I have no idea of what is going on when I’m in the blocks. I’m totally zoned out and I am just waiting for the sound of the gun. Most times after that I don’t really know anything else, unless there is a competitor in front of me or the finish line is approaching.

JS: What are your strengths as a sprinter?

VC-B: I think speed and power are my two major strengths. My technique is ok, but I think that there is a still a lot of room for improvement, in particular in the 100m.

JS: Do prefer the 200m to the 100m or vice-versa?

VC-B: I love them both; it’s hard for me to differentiate between the two. I think that I’m as good at them both. A lot of people may say that I am better at the 200m, because I have had more success, but I also believe that I can also run a great 100m as well.

Tyson Gay

Reigning world 100 and 200m champion – holds the world’s fastest 100m time albeit wind aided 

JS: What advice have you got to get faster?

TG: I do a lot of hill runs, like 200m four times, or three 300m’s, but only one 400m (Tyson explained that all the runs were fast and that long recoveries were used so they could be kept speedy)

JS: What do you concentrate on at the start?

TG: Sometimes I think about pushing off from the blocks or reacting to the gun. In some races I’ll be able to focus on my technique and getting it perfect, but often the races are a blur.

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Christine Ohuruogu

The ultra-FIT interview

Christine Ohuruogu

Christine Ohuruogu – although a house-hold name after her World and Olympic 400m gold medals over the last two year  (not to mention a suspension for missing three drugs tests prior to the first victory) is a bit of an empty canvass to many. Not much more is really known about the 24 year old from East London. Yet, she will be spearheading Team GB’s 2012 Olympic track and field challenge and has the small issue of defending her world title in Berlin this August.

I caught up with Christine in Los Angeles in March prior to her starting the outdoor season, she’d had a good indoor season over 200m and she was in good spirits, physically and emotionally. I had a slight advantage over some of the other assembled journalists as Christine’s coach Lloyd Cowan was one of my best friends…… in fact he’d asked Christine to divert my incisive journalism (!) when I interviewed her by asking me a random question about myself and Lloyd from the deep, distant past. The pressure had been made worse by the fact that I had been told by Lloyd to ‘watch out!’. As it turned out I needn’t of worried as Christine asked me the question (which shall remain a secret) and then laughed when she couldn’t remember what Lloyd had told her, the ‘right’ answer should be. Other funnies and a willingness to not take herself too seriously (apart from when it matters) reflected Christine’s bubbly and genuine personality.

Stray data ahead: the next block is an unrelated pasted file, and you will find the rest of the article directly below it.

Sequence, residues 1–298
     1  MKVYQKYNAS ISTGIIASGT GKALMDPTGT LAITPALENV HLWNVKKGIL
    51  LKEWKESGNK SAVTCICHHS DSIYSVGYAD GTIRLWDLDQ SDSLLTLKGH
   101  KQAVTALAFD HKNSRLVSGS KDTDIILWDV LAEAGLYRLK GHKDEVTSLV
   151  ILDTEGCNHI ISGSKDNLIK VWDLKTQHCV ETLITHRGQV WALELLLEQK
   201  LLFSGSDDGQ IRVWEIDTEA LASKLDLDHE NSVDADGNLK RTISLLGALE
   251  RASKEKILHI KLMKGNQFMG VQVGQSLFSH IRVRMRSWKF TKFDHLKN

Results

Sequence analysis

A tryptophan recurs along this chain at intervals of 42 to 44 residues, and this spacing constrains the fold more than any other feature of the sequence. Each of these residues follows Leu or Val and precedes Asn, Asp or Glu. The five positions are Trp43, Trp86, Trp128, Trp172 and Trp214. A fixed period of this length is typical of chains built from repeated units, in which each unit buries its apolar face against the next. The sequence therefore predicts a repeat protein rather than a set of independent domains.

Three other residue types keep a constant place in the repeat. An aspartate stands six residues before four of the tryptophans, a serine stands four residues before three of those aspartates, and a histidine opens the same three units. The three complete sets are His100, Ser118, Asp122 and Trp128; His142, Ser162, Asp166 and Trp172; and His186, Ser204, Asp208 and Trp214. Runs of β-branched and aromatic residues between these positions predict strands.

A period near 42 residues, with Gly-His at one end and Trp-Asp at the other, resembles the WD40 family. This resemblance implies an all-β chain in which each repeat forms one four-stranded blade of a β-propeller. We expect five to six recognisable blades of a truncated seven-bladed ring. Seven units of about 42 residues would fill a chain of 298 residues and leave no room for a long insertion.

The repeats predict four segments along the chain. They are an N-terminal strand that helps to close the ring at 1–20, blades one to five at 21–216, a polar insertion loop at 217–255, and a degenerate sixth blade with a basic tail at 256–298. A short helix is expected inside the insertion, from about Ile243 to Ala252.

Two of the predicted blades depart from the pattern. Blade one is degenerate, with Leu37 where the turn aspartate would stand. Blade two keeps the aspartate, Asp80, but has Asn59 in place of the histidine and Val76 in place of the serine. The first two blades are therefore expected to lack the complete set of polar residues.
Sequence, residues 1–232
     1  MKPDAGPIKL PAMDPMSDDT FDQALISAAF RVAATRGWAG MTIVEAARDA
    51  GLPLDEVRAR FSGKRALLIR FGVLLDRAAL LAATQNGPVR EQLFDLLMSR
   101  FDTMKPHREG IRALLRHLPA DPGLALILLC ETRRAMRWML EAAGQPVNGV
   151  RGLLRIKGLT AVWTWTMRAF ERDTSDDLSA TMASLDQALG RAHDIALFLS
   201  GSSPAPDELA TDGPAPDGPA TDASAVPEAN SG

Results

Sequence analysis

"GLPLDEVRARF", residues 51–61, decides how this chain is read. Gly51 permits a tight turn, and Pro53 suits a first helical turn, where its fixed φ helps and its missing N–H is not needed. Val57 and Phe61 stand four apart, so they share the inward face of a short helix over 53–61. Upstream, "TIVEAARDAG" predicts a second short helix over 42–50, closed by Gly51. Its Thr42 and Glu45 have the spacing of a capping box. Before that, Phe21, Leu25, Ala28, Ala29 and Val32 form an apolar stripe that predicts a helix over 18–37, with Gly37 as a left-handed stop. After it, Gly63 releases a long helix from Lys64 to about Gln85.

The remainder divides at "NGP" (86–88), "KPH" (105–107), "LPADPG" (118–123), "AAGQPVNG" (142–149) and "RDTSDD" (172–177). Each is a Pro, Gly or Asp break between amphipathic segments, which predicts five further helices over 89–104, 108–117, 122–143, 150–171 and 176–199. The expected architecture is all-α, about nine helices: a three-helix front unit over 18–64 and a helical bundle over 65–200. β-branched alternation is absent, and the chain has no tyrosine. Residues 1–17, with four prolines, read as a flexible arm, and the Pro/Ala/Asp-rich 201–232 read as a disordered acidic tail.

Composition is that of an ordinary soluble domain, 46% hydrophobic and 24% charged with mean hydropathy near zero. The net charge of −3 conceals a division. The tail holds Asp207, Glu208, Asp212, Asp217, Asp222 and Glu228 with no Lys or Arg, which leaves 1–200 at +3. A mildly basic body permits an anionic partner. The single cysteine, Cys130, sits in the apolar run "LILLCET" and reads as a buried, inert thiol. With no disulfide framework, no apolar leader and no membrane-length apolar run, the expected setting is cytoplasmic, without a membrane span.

We talk about the forthcoming season, “I have goals, but my most important one is – and I know this might sound dumb – is to get the World Championships and try to enjoy myself. It’s been so intense over the last three to four years,” explained the athlete, continuing, “I think I have achieved more than I ever thought that I would have by this time in my life.” I acknowledge this reply and reflect that very few of Britain’s illustrious previous track and field world-beaters have achieved so much so young (Christine also won the Commonwealth 400m title in 2006). I ask whether she finds it difficult to remain motivated and to keep winning. Christine replies equally candidly, “Yes, I don’t want to be doing the same thing in 5–10 years, just chasing medals. I don’t think I could do that.” I suggest, albeit it somewhat negatively that losing a major title might not be such a bad thing, so that perhaps her hunger could return, just in time for 2012, “Do you think so? I’m still really hungry. With me it’s all about getting to the championships prepared and then when I get there I’ll do what I am best at, racing.” The 400m runner obviously has a steely determination, despite her charm. She knows how to focus and has a great belief in the training that her coach puts her through, “What Lloyd does is keep things (in training) very simple, basically he tells me to go out and run and that’s all there is to it. I try to remember when I go out on the track, that I have done the work and that there is no reason why I should run badly.”